Six years ago, I built a better Python http library. It had then-novel things like connection pooling, thread-safety, multipart encoding, and more. Today, every Python user depends on it.
Maintaining something for six years on my own time is not easy, even with a slew of coping strategies. A few hours here and there, every week, and slowly it chugs along—largely thanks to contributors undertaking the bigger tasks that I can’t knock off in a quick afternoon.
Last week completes my two week grant from Stripe to work on urllib3 full time, and I’d like to declare that these weeks were a huge success.
- $3,750 for two weeks of full time work at Stripe.
- 51 files changed, 1809 insertions(+), 633 deletions(-).
- 10 merged pull requests, 26 closed issues, 6 new issues.
- One major release (v1.9).
- ~6 months worth of progress in two weeks.
- Tech companies: More like this, please.
Stripe Open-Source Retreat
In April, Stripe announced the intent to sponsor a few open source projects for 3 months of full-time work at the office.
I drafted an email proposing a 2 week arrangement for urllib3 instead. I wanted a shorter term because I didn’t want to fully relocate my life to The City, and I felt that urllib3's backlog would get the most impact out of a few weeks worth of work without hitting diminishing returns.
Greg Brockman responded enthusiastically and worked out the ideal structure for me. Fast forward a couple of months, and the grant was official. We cut the $7,500/mo in half and settled on $3,750 for 2 weeks.
The rest of the experience was a dream. I arrived at Stripe and was basically treated like a new employee. Kat Li happily toured me around the office, introduced me to everyone, and made sure I had people to grab lunch with the first few days. “Python bindings? Talk with Andrew! Into Bitcoins? Check in with Christian!” Really great welcome experience.
Everyone treated me as a fellow Stripe. With new hires starting each week, I may as well have been.
Progress on urllib3
First few days were all about catching up on low-hanging fruit. Pull requests that have been thoroughly reviewed, easy little bugs or feature requests. I was closing numerous issues per day, and it felt great. Having a full day allocated to just this was empowering, without the distraction of attention-starved pets at home or coffeeshop patrons eyeing my prime seat next to the outlet.
Next up I took on a big feature that has been in the works for more than 8 months by the ever-patient Kevin Burke: Granular retry configuration. Not only did we have to design a sensible interface that we wouldn’t regret maintaining for the next 6 years, but also draw a line among many ambiguous questions like “is it safe to retry a request that has only been partially sent to the server?” For a few days, I learned what Kevin must have felt for months—hitting walls at every step, “why are half the tests suddenly failing? How do we persist this across hosts? There is no way to tell how much of the request we sent so far?”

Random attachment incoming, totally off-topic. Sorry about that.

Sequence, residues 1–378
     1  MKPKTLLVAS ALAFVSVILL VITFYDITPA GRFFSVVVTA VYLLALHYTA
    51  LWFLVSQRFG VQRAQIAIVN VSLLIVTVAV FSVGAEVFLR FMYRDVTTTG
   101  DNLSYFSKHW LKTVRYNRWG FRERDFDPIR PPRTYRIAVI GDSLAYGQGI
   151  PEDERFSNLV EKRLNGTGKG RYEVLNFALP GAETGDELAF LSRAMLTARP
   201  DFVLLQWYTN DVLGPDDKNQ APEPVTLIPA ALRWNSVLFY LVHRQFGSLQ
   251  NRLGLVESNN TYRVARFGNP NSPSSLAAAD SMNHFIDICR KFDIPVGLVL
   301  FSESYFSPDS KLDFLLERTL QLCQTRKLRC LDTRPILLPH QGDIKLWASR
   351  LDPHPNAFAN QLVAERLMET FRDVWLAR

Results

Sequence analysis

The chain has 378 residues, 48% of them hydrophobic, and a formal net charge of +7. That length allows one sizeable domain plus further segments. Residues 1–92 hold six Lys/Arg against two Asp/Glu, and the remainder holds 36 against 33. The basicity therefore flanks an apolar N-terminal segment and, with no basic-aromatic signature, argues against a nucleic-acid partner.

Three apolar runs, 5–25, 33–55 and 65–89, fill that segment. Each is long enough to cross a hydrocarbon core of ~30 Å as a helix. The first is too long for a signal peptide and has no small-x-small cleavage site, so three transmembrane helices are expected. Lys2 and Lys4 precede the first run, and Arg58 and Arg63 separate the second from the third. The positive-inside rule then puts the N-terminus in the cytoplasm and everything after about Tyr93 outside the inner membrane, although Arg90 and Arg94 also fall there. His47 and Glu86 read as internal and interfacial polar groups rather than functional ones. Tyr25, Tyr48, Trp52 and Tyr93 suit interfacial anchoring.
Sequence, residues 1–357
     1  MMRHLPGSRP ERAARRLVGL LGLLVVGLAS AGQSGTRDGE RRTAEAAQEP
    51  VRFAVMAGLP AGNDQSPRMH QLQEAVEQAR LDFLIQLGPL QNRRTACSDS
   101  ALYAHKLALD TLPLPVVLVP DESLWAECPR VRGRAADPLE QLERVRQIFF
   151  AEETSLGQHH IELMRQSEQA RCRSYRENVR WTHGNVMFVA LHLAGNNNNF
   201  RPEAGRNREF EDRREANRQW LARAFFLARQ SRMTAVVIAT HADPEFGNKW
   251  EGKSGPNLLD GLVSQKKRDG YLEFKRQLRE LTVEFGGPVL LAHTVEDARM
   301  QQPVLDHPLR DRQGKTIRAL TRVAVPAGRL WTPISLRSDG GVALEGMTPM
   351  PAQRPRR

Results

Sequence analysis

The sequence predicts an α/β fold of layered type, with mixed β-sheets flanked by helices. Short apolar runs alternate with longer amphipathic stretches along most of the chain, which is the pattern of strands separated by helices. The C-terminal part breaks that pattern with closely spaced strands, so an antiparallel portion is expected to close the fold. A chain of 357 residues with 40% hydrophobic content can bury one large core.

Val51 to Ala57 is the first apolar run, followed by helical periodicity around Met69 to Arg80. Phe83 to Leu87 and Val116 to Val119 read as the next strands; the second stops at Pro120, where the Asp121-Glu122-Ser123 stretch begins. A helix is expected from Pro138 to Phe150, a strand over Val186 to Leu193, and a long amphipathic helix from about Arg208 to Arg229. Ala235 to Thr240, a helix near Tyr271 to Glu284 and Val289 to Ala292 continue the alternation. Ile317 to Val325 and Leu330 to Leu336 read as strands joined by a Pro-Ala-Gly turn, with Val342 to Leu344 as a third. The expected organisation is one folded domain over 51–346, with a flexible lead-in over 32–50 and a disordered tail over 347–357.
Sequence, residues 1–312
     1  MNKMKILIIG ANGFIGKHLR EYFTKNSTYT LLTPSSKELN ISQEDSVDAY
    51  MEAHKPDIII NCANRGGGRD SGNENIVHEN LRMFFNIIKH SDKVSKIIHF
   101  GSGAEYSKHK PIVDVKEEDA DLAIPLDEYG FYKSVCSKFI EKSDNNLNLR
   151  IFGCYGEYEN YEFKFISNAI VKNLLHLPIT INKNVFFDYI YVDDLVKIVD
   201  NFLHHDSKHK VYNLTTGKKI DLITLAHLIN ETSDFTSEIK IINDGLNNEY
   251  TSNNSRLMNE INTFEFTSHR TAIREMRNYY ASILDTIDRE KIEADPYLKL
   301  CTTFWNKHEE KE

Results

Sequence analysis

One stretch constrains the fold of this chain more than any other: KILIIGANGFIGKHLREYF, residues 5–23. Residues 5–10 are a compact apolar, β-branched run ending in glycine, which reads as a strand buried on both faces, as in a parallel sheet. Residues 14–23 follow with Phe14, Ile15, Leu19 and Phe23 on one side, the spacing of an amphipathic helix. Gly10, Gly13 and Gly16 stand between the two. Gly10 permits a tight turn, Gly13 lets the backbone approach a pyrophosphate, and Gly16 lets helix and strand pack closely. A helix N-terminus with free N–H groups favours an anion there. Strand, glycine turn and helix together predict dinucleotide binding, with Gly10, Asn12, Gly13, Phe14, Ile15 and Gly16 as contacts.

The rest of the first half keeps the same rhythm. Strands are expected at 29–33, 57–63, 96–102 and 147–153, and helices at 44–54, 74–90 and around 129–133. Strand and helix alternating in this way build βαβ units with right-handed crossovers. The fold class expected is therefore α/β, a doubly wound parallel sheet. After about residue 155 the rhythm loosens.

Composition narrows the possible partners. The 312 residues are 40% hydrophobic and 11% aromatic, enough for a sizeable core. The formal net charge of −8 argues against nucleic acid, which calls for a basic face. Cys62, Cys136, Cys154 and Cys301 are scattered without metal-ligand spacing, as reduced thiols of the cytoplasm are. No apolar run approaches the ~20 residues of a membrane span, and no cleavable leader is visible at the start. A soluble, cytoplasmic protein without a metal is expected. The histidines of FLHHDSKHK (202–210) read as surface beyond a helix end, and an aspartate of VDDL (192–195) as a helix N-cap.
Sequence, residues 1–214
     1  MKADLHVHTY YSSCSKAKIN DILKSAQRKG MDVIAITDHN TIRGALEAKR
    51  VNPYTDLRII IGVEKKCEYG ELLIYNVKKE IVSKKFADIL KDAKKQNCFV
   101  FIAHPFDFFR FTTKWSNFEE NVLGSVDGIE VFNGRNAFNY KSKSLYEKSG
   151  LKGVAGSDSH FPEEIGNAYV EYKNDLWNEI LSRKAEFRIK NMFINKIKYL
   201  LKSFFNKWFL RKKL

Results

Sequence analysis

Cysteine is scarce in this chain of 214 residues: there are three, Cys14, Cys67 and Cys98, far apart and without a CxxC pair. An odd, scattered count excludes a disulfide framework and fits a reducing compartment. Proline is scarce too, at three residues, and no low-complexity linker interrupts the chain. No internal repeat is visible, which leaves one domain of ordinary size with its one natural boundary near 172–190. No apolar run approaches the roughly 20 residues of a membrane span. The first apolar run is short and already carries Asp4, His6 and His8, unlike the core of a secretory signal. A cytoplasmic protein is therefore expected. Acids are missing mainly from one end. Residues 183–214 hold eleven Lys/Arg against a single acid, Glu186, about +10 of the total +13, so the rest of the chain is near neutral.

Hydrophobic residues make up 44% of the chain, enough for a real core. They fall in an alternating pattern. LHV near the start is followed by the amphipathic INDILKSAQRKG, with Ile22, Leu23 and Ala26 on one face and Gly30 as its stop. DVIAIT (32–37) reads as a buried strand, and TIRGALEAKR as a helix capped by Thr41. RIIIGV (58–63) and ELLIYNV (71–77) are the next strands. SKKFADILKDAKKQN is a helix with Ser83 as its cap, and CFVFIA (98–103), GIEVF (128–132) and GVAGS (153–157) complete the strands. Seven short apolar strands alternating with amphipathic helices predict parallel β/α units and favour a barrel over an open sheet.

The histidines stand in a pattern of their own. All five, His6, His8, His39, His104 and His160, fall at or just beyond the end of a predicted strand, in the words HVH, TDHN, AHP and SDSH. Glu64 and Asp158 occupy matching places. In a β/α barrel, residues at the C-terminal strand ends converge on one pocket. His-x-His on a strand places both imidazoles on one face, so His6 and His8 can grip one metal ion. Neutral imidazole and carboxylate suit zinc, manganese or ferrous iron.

Ultimately some compromises had to be made, but the feature got merged and the truck kept trucking.
All in all, 10 meaty pull requests were merged and 26 issues closed.
The big win from working full time is that it allowed me to tackle medium-large issues that otherwise I’d have to delegate to contributors. It can be weeks or months between a code review and when the contributor has a chance to iterate on the pull request. Having a contiguous work chunks allowed me to plow through what previously felt like more than six months worth of stuff.
More like this
Publishing and contributing to open source is going to continue happening regardless whether I’m getting paid for it or not, but it will be slow and unfocused. Which is fine, it’s how open source work has always worked. But it doesn’t need to be this way.
Sure, there are things like Gittip but the gap between an amount that would “move the needle” for me and the $1 I’m tipped per week is just too big to grapple, and I’d rather focus in short concentrated bursts than a long meandering slog.
If you’re a tech company, please allocate a budget for open source grants and sponsorships. Distribute it on Gittip if you wish, or do what Stripe did and fund aggressive sprints towards some high-impact milestones.
Consider this a formal call for sponsorship: Please help fund urllib3 development.
If your company uses Python and benefits from urllib3 (which powers Requests, pip, and numerous other tools and libraries) and you’d like to help push the state of HTTP in Python forward, I urge you to sponsor urllib3.
If you’re looking for other projects to give a grant to, I would be happy to recommend some other great initiatives.